However, with all these advantages, 3D printing is not without its set of downsides. These include limitations on materials since not all plastics or metals are viable for 3D printing applications. Print size is limited due to the smaller print chambers of the 3D printer itself; therefore, more extensive parts must be printed into segments that are later put together or assembled after production. Some 3D prints also require post-processing steps, such as cleanups of excess or support materials. These methods include water jetting, sanding, a chemical rinse and rinse, air or heat drying, assembly, and more. While 3D printing is excellent for quick prototyping, it becomes more costly when mass-producing a large volume. Imagine having to create a full production line of industry-grade 3D printers. Costly indeed; a caveat people need to consider about this technology. Also, as this technology becomes more and more available to the public, fake and counterfeit products may start to proliferate, and it will be difficult to determine authenticity.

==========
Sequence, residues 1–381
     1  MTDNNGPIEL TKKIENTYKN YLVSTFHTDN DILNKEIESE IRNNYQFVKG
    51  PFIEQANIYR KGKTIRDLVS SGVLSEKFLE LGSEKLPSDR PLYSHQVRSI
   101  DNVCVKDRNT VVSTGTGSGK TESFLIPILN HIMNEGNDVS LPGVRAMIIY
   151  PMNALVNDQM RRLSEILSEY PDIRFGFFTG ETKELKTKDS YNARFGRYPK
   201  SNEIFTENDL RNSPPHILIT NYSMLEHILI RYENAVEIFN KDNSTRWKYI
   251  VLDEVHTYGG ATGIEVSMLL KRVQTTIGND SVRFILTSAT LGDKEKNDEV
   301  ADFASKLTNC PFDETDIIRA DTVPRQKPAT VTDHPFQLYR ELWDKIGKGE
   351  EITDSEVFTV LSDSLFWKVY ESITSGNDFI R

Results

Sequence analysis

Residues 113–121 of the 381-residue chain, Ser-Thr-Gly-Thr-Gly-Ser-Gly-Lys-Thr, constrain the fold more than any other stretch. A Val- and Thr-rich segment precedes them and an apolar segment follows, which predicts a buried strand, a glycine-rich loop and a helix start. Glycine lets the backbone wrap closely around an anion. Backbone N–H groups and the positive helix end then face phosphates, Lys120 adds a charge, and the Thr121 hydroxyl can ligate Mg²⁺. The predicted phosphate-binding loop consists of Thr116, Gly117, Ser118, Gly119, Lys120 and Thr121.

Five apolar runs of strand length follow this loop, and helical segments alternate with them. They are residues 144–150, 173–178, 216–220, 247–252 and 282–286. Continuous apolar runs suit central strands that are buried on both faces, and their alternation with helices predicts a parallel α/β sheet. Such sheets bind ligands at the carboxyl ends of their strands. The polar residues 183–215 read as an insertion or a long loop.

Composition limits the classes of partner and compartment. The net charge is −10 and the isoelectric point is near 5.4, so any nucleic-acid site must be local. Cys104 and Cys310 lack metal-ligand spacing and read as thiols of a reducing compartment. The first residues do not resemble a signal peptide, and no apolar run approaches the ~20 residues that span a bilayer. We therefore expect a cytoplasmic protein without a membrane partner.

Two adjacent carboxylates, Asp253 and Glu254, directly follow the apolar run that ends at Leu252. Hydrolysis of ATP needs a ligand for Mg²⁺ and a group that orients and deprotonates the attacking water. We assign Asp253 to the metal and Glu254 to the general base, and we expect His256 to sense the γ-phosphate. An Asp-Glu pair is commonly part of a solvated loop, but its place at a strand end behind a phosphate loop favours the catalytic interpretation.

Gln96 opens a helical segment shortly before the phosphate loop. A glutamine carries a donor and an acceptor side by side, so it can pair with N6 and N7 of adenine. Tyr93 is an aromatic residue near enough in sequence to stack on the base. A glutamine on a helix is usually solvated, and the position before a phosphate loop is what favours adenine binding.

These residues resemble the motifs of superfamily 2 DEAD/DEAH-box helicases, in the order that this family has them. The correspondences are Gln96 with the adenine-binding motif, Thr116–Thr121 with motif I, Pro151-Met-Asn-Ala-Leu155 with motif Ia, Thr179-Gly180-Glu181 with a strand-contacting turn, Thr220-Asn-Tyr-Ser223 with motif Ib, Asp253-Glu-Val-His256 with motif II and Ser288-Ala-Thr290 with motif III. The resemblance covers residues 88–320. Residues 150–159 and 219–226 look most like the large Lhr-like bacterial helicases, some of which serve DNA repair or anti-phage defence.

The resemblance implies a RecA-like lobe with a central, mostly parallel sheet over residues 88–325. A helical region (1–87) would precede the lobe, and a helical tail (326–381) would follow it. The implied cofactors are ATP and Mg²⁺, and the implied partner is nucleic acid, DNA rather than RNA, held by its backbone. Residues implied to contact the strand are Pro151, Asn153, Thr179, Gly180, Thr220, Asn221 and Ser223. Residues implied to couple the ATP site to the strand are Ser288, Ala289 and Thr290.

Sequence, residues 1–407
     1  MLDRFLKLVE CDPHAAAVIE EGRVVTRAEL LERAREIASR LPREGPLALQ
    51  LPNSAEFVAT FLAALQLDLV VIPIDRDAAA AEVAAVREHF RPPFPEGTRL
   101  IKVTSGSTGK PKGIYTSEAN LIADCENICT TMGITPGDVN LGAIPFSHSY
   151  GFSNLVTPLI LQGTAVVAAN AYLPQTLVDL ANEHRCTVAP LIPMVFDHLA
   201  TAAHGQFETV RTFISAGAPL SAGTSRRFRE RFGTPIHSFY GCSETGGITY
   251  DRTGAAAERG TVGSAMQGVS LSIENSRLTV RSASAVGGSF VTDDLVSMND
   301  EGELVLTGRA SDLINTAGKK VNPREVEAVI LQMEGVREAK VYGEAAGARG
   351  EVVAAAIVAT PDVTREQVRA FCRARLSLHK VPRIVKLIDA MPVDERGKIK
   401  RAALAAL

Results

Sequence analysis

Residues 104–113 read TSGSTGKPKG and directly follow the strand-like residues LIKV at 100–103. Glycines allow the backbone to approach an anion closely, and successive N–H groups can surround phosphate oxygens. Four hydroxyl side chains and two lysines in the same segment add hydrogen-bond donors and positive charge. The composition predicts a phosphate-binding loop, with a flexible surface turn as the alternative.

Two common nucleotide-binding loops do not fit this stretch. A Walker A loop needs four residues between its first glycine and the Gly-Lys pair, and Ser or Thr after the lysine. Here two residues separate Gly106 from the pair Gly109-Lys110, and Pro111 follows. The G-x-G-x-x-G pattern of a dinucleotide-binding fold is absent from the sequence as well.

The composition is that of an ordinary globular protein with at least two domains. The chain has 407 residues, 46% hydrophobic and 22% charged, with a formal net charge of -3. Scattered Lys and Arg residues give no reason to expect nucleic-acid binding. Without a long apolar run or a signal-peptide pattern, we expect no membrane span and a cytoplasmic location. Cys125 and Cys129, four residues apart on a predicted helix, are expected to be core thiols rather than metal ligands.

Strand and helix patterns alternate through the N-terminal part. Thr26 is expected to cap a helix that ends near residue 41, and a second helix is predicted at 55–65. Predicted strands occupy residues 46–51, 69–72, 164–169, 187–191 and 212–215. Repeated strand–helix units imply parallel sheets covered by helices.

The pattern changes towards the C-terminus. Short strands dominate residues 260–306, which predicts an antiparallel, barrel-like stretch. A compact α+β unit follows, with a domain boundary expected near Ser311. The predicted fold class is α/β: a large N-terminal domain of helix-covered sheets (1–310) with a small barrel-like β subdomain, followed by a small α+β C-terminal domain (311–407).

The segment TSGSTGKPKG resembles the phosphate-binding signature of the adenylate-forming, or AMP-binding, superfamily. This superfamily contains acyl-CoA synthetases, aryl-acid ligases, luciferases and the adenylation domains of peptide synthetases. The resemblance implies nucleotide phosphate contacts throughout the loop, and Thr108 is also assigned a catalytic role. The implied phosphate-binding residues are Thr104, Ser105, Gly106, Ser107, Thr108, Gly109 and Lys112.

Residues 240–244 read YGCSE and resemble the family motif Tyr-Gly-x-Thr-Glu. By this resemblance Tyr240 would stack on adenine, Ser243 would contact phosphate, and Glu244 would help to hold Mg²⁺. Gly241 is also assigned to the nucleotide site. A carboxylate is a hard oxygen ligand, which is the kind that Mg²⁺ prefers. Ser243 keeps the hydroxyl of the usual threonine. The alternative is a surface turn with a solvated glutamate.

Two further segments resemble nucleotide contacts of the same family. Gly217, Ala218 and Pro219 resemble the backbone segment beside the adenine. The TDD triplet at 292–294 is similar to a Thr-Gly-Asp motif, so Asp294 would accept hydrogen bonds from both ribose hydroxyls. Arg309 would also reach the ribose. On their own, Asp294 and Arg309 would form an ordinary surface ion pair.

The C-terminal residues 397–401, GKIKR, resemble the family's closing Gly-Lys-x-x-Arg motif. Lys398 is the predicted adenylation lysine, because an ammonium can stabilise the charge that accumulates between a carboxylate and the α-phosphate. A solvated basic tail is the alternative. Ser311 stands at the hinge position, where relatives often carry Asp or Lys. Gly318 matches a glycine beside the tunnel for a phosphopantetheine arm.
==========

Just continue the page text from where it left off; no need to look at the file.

According to a report by Frost & Sullivan, the global market for automotive cybersecurity is expected to reach $3.29 billion by 2025, growing at a CAGR of 22.6%. As cars become more connected and automated, the risk of cybersecurity threats such as hacking and ransomware attacks inevitably increases. In 2015, a pair of hackers hacked a Jeep and took control of the vehicle. Read about that experience from the driver’s point of view here. Although this was a predetermined security demonstration, it unveiled security vulnerabilities, even for conventional vehicles. For connected cars, updates will be done through the cloud, which could open up risks for hackers to intercept your data while on the road.